The 17th century is one of the brightest and brightest pages in the history of world art culture. This was the time when the usual, seemingly unshakable picture of the world was rapidly changing, and the ideals of the Renaissance collapsed in the public mind. This is the time when the ideology of humanism and belief in the limitless possibilities of man was replaced by a sense of the dramatic contradictions of life. On the one hand, there is a revolutionary upheaval in natural science, a new picture of the world is being formed, new philosophical trends appear, and in art – new styles and genres. On the other hand, political conservatism, pessimistic views on society and man prevail, irrationalism and mysticism are developing. In society, as the art critic A.A. Anikst rightly noted:
“Confidence in the near and inevitable triumph of positive beginnings of life disappears. The feeling of its tragic contradictions is becoming more acute. The old faith is giving way to skepticism. Humanists themselves no longer trust reason as a good force capable of renewing life. They also have a doubt about the nature of man – whether good principles really dominate in it. “
The changes and tragic conflicts of this era were figuratively captured by the English poet John Donne (1572-1631):
So much news for twenty years
And in the sphere of stars, and in the form of planets,
The Universe is crumbling into atoms,
All connections are torn, everything is crushed into pieces.
The foundations were loose, and now
Everything has become relative to us.
/ Translation by O. Rumer /
First of all, the concepts of man became relative, who was now thought of, on the one hand, as an insignificantly small particle of the universe, and on the other, as a great force capable of controlling nature. The great French scientist, religious thinker and writer Blaise Pascal (1623-1662) wrote about the duality of man, recognizing his limitless possibilities and calling him “the thinking reed.” A person was perceived as a complex personality going through the dramatic conflicts of his time.
Who are you, oh man? A vessel of fierce pain,
Arena of all sorrows, vicissitudes of a stream,
Fortune light ball, marsh light,
Snow melting in spring, flickering of candles, no more.
/AND. Grifius Translated by L. Ginzburg /
Scientific discoveries in mathematics, astronomy, natural science and geography, which expanded the concept of the world as a limitless, changeable and contradictory unity, contributed to the changes in the human worldview. The great geographical discoveries, the concept of infinity and the countless number of worlds of the Universe put forward by D. Bruno, as well as the laws of motion of planets around the Sun formulated by I. Kepler, created a holistic view of our planet, provided a huge empirical material for the development of other sciences.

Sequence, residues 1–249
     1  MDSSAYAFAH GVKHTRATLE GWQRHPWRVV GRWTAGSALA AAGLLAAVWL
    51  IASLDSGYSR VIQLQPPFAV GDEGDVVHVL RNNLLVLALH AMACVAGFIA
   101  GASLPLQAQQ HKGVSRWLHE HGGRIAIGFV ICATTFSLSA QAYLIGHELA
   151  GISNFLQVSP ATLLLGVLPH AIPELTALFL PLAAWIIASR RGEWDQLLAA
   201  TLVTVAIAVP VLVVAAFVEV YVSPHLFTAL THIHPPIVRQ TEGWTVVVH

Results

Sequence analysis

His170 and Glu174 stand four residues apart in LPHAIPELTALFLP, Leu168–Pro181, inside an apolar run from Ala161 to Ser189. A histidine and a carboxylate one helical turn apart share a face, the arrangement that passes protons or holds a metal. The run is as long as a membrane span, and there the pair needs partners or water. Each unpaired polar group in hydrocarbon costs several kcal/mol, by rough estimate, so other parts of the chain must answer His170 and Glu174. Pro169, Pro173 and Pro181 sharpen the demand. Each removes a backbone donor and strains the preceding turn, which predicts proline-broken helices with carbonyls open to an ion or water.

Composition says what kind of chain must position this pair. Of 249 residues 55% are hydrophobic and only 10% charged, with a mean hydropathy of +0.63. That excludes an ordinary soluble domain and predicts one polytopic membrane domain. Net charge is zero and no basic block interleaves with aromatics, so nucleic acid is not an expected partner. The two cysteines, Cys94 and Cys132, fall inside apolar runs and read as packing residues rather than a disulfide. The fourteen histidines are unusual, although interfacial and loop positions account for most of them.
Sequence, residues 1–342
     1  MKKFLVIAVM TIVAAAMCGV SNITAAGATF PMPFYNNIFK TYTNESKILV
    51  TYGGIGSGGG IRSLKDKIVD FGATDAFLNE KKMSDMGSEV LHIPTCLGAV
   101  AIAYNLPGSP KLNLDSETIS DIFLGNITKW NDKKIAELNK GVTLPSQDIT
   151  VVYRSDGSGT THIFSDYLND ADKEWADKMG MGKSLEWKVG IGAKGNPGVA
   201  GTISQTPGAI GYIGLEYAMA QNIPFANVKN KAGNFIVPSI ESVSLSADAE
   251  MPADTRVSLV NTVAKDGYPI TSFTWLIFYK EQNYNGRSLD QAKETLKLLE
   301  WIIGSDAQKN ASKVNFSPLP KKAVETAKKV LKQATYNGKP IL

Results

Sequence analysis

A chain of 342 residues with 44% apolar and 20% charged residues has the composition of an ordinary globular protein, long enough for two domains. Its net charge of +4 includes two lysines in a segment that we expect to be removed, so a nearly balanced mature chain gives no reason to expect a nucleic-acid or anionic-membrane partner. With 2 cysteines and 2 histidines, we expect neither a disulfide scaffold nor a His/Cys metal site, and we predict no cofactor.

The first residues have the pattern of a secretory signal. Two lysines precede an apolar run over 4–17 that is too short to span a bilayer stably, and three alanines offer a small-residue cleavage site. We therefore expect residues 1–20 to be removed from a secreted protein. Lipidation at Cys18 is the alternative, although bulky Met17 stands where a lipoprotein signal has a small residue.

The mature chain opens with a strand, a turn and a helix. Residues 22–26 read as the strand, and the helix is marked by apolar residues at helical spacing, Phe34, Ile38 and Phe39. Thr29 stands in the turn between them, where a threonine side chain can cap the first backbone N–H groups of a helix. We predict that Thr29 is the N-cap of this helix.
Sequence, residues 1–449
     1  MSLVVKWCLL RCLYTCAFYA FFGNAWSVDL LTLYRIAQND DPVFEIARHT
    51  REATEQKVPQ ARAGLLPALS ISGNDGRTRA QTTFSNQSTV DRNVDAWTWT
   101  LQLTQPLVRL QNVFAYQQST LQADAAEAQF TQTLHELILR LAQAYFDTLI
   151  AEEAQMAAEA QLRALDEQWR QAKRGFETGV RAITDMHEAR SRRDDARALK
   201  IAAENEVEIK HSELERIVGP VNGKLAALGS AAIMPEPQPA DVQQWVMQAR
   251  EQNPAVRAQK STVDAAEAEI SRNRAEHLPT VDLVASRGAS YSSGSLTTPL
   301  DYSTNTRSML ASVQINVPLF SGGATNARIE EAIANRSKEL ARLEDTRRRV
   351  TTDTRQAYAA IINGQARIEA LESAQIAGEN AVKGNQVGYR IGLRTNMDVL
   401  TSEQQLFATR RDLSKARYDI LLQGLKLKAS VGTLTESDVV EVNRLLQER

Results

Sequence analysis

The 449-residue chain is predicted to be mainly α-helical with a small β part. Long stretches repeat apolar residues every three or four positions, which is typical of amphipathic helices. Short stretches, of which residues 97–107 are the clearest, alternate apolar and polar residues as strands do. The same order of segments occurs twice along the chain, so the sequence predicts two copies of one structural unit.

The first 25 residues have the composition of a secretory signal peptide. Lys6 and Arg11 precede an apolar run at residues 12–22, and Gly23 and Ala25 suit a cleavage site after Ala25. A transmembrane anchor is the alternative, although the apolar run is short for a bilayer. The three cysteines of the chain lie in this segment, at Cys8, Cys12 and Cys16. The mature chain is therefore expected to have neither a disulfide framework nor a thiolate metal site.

The invention of the microscope (Anthony van Leeuwenhoek, 1673) and the telescope (Galileo Galilei, 1610) made it possible to look into the dizzying abysses of the universe – into the previously inaccessible infinitely large and small worlds. In what seemed to be calm and motionless, man discovered an amazing variety … The space-time model of the world was now built on the balancing of ordered space and chaos. The man became ever more deeply aware of the illusory and instability of space, which threatened to turn into unexpected metamorphoses at any moment. The transience of life, the running of time, he measured not in months and days, but in hours, minutes and even seconds. The paradox of fluidity and constant changeability of the time stream gave rise to mystical fear and doubts in the soul, forced more and more often to think about the frailty of human existence.
Where and in what did a person seek salvation from the troubles and contradictions of life? He tried to find peace of mind, meaning and balance in an intense spiritual and religious-mystical life, in an appeal to God and Eternity. But, torn apart by doubts and contradictions, he did not always find answers to the questions of Genesis that interest him:
Are you looking up to heaven? Or have you forgotten that
God is not in heaven, but here, in yourself? ..
Wait! What does “God” mean? Not spirit, not flesh, not light,
Not faith, not love, not a ghost, not an object,
Not evil and not good, not in small things, not in many
things, He is not even what they call God,
Not a feeling, not a thought, not a sound, but only that
which none of all of us knows.
/AND. Silesius Translated by L. Ginzburg /
In a vain search for inner support in God, man became more and more clearly aware of his helplessness before the universe, turned to mystical visions, miracles associated with martyrdom and suffering. Real life was perceived as sheer deception, a nightmare, “vanity of vanities.” (“Life is a dream” is the title of the Spanish playwright Calderon.)
The new, changed atmosphere of spiritual life was especially acutely felt by art.